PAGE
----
Excerpted from page 14 of the July/August 2015 edition of AOA Focus.
More Americans than ever are online, and for the most part, so are optometric practices.
A recent Review of Optometric Business survey found nearly 70% of respondents' practices were online, yet only 13% rated their website as 'sophisticated or technologically advanced.'
Use these tips, and don't allow a neglected or outdated website to turn new patients away.
- Grab patients' attention.
"Patients often tell me that they learned about my practice on the Internet," says David Armstrong, O.D., of Virginia. "My practice exclusively serves low-vision patients. When someone searches the Internet for low-vision help, I want them to find me. My website, Facebook page, YouTube videos and blog are all linked together, and by making regular changes to each of these, I am able to make it more likely that I'll be found."
- Think mobile.
"It's imperative to have mobile-ready websites," adds Alan Glazier, O.D., of Maryland. "Google recently updated its algorithm to favor businesses with mobile-ready websites. This means people in your vicinity trying to find the products and services you hope will be found may not be easily able to find you via Google if you do not have a mobile-friendly website. There is already a negative impact on search engine position because of this for many practices. This, and the fact that more than 30% of all online searches are performed over mobile, are reason enough to ensure you are present where people are searching for you."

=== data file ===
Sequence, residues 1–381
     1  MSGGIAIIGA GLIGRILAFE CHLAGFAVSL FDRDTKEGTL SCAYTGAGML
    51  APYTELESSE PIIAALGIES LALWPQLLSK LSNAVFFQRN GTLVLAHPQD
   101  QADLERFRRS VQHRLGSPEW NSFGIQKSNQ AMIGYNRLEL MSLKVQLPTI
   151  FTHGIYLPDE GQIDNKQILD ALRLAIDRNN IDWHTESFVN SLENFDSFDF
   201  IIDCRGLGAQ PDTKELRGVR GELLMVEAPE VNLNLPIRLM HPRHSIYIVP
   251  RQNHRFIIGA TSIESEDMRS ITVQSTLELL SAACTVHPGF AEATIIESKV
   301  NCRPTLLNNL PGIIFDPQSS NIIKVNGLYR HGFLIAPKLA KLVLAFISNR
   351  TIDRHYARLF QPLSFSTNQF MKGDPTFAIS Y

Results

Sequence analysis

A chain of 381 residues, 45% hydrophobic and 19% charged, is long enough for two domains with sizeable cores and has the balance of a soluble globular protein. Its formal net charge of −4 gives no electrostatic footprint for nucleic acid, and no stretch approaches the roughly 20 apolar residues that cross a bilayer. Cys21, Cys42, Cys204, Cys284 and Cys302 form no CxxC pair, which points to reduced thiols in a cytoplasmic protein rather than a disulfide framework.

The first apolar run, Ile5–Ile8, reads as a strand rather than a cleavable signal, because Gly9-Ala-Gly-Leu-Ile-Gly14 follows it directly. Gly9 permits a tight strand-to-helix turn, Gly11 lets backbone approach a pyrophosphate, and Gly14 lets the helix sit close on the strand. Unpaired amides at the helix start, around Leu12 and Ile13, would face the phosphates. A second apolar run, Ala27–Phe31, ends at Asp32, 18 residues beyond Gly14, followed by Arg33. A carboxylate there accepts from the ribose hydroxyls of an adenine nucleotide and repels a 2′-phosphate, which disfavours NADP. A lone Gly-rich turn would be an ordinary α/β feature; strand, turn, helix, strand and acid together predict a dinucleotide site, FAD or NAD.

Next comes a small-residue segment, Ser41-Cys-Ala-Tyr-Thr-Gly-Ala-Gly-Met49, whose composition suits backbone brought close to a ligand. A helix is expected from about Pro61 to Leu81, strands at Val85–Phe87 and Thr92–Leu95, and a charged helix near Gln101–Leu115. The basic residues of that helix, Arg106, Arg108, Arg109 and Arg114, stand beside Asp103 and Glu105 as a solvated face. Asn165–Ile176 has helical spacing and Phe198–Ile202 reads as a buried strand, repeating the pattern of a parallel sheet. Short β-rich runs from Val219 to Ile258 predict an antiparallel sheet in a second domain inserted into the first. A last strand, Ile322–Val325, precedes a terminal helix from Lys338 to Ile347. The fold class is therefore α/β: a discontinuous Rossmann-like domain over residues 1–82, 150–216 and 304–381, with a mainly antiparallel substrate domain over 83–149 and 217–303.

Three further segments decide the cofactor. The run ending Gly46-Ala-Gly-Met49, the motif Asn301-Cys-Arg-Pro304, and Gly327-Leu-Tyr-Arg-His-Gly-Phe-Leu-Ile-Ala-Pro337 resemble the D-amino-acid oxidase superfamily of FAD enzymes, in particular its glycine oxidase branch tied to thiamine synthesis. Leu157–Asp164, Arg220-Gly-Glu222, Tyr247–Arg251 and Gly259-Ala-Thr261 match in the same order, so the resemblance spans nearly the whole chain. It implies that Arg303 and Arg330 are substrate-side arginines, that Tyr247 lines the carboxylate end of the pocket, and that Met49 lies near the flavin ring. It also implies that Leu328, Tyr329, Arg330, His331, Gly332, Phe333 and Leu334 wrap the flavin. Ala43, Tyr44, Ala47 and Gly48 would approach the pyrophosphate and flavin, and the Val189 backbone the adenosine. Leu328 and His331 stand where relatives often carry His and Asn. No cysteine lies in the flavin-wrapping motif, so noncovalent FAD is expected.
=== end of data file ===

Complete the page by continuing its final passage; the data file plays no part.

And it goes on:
- ID website 'pet peeves' and head the other direction.
"I considered my personal 'pet peeves:' Is information old or outdated?" says Fred Arima Jr., O.D., of Washington. "Is the important information readily available? Are the address and phone number on the home page where they can be seen? Is the website easy to navigate, and is there a logical organization to the site? Are colors and graphics attractive? I suggest ODs consider minor content updates at least monthly, posting public patient reviews of the business weekly and major updates, such as colors, videos, layout and fonts, at least yearly."
- Think of your website as an extension of the office.
"It's important that your virtual office website is as nice as your physical office. You need to be thinking about updates every few years," says Eric White, O.D., of California. As technology continues to change, your website needs to change, too. Since we are always directing patients to our website to fill out forms and check out the latest information, we want this space to be as advanced as our office. One of the most popular areas of our website is the virtual office tour so patients know what to expect when they walk through the door."
The AOA will use the time to evaluate its collection efforts and create a registry for the future that is most useful to improving eye health and vision care. The AOA launched the registry in 2015.
Even if you’re choosing to disengage, today’s politics have a way of finding you. What are the ground rules for approaching political debates in the practice?
Under new rules for the 21st Century Cures Act, doctors of optometry will need to prepare for changes going into effect April 5. Doctors should check in with their health IT vendor in order to make sure they meet the new requirements.